They are pointless. They are nothing. They are not something anyone is ever going to drive past and gape at in wonder, crying out, "what foresight our forefathers had in designing and building such celestial constructions".

I accept there might be features within those buildings that are worthy of conservation.

Certainly, the Historic Places Trust, whoever they are, think so.

I imagine, however, that its members are the kind of people who look down their noses at rugby and the delights of the common people, generally. I may be wrong but I have very keen instincts.

What's more, some fairly flash architects seem to think the sheds are something worth preserving, although where the flash architects have been in recent years when the high-rise slums were being built, I've no idea.

Designing them, probably. Or designing Mark Hotchin's house.

As far as I know, the Historic Places Trust has no representative powers within our community but it seems to have assumed them and to have been afforded such by the ARC, the dying ARC, a body which in three months will be defunct and gone, leaving us with what seems like a permanent little glasshouse bravely lit up on a part of the wharf.

Take the shed away, please. Get rid of one and restore the other somewhere else. What a pickle. But that's Auckland, I guess, and that's why we love it. Nothing gets done and we all get left alone. And if the rugby fans prefer Wellington, well, so be it.

We'll just muddle on saying no to possibilities.

THEN WE find out the chairman of the ARC, Mike Lee, is furious about the length of the platform at Onehunga station. He should be. The platform is 15m shorter than the trains that will serve it. Nowhere around the world have I ever heard of such a thing, to be honest.

He is right to be indignant. The idea of a platform being shorter than the trains that stop at it seems absurd and incompetent.

Not that I monitor platform length of train stations in my spare time or the relative length of trains, I must say.

I worked with a young man once in the UK who made it his business to have on his computer the entire British train timetable.

He was a newsreader. Not only did he keep a record of the times of train arrivals and departures anywhere in Britain but he learned them off by heart and could recite them. Like Robin Bain, he never washed and he stank, too.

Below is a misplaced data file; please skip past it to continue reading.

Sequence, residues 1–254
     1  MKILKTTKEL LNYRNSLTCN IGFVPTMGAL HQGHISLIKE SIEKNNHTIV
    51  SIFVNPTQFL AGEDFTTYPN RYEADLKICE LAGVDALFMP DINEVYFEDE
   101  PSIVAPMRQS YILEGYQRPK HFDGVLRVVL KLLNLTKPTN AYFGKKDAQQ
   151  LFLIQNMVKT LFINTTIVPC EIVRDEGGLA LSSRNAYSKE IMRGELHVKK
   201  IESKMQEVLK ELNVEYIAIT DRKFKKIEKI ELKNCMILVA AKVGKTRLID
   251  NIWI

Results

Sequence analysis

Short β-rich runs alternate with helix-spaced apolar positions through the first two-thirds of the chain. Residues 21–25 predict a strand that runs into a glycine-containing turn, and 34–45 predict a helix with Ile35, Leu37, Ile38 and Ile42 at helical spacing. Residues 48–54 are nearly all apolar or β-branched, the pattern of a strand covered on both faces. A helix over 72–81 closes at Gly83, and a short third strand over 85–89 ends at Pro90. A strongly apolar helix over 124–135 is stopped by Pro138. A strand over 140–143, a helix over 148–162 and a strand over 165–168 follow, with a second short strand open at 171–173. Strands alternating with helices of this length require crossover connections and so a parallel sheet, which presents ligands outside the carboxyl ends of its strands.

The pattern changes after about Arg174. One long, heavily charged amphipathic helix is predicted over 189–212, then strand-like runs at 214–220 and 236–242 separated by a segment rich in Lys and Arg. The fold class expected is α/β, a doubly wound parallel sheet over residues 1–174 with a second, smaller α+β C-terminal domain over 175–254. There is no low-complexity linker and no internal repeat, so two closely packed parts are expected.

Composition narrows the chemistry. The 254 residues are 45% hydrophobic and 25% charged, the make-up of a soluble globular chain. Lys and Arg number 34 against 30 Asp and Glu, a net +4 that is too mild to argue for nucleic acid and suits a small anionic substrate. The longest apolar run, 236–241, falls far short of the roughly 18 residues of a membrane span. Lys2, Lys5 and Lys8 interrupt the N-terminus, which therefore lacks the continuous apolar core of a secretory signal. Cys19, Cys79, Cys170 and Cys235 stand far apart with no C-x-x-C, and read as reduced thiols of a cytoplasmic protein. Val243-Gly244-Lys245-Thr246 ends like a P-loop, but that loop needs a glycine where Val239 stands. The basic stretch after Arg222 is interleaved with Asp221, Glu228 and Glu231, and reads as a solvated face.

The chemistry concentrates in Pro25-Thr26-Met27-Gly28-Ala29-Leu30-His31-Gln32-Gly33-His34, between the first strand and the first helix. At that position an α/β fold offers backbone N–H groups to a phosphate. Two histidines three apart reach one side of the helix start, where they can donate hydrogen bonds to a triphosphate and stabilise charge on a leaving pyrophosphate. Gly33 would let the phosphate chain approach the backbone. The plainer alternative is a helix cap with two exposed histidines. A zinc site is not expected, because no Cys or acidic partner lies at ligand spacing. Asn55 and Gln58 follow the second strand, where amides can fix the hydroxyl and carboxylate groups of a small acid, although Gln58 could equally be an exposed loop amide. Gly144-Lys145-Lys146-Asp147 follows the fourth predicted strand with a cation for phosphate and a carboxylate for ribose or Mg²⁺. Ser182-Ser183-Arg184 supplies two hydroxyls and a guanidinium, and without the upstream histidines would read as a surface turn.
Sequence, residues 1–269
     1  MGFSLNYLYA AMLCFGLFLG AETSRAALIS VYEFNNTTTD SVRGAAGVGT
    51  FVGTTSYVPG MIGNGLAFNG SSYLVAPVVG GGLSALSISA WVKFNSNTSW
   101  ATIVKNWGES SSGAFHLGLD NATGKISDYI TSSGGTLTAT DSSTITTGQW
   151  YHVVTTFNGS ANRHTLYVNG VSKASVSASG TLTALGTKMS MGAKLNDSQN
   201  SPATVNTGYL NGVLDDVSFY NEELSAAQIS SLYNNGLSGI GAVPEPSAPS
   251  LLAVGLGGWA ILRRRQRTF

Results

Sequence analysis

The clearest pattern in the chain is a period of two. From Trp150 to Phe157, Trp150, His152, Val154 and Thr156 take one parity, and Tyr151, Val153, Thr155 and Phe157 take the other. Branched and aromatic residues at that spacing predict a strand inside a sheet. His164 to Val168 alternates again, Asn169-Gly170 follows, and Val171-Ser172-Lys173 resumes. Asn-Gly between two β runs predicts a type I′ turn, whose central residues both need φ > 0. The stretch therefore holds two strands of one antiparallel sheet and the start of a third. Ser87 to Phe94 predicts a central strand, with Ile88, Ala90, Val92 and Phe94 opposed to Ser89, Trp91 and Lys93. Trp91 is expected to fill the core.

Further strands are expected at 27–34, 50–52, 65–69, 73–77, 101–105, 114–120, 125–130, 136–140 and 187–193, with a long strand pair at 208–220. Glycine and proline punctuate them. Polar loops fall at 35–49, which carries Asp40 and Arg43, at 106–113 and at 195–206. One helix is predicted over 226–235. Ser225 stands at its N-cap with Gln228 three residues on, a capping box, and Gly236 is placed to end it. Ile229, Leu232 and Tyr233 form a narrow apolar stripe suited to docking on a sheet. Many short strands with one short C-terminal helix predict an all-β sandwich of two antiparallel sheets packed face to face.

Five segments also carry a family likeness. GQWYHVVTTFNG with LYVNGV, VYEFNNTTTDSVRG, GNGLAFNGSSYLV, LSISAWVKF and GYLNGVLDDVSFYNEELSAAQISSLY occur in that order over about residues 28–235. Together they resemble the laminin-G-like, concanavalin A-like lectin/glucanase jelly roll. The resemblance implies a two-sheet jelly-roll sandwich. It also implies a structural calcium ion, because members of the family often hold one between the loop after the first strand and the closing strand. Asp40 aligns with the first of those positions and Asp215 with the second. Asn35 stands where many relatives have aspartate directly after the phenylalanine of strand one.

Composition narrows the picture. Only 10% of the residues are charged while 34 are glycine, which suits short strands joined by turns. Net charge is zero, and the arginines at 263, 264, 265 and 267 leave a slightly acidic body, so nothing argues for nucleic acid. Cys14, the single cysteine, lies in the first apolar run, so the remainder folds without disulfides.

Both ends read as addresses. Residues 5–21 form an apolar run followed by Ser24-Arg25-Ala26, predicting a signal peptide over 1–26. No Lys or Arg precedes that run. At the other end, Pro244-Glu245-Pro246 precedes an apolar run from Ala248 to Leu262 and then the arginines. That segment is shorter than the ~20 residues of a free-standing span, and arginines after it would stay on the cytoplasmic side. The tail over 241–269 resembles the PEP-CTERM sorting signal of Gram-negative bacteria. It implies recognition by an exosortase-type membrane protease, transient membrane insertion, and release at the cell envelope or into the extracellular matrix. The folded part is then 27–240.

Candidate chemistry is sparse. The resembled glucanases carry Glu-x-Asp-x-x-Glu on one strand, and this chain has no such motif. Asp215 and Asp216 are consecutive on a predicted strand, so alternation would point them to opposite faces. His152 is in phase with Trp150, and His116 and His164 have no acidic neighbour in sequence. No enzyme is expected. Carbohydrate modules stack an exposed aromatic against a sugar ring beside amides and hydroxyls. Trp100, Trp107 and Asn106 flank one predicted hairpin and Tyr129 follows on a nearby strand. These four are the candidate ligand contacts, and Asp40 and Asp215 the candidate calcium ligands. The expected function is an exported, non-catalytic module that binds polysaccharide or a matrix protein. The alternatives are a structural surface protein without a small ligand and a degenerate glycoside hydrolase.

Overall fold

ROBIN BAIN. Here it comes again, the Bain saga, thanks to the slightly too-smooth-by-half investigator Brian Bruce on Secret New Zealand the other night.

In the episode, Robin is blameless and completely normal. But, in fact, the disintegration of Robin Bain is constantly ignored by those who point the finger at David Bain, especially Robin's family.

Oh no, there was nothing wrong with Robin. Well, Robin Bain was the relieving headmaster at Taieri Beach School. His career was hardly booming.

He lived in a filthy, filthy van in a field where, as Michael Reed QC says, he had neither washing nor toilet facilities for months.

He was dirty and he stank. When he came back to the Every St property he lived in an equally filthy caravan in the backyard. Why?

Here's the other thing that has occurred to me this week, though I think it has been at the back of my mind for years.

Nowhere in anything that has been written about the whole saga are the children's friends.

I do not recall any episode, any moment, when friends are round at Every St visiting or playing. I might be wrong and if I am, Joe Karam will correct me, I'm sure.

Yes, David got on well with people, he sang with people, Laniet told something to a someone, but where were the real friends of any of them? Any of them? We know nothing about Arawa, nothing about Stephen.

My real question is how any of those kids could invite anyone home to that place, to that untidy, filthy house.

A senior Dunedin cameraman, allowed into the Bain house to film for the news record once the police had finished their work, told me the Bain house was the dirtiest, untidiest house he had ever been in.

Despite what David told the Woman's Weekly after his acquittal last year about what a wonderful, fun family they were, something very dark was lurking there. It had to be because five of them got bullets in their heads.